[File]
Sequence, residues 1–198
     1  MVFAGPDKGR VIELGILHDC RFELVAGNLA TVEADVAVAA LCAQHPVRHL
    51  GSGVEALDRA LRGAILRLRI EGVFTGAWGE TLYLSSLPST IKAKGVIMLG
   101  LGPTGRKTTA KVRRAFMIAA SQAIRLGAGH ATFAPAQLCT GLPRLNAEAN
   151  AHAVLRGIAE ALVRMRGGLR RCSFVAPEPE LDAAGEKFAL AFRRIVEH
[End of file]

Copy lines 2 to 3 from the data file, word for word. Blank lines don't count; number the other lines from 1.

     1  MVFAGPDKGR VIELGILHDC RFELVAGNLA TVEADVAVAA LCAQHPVRHL
    51  GSGVEALDRA LRGAILRLRI EGVFTGAWGE TLYLSSLPST IKAKGVIMLG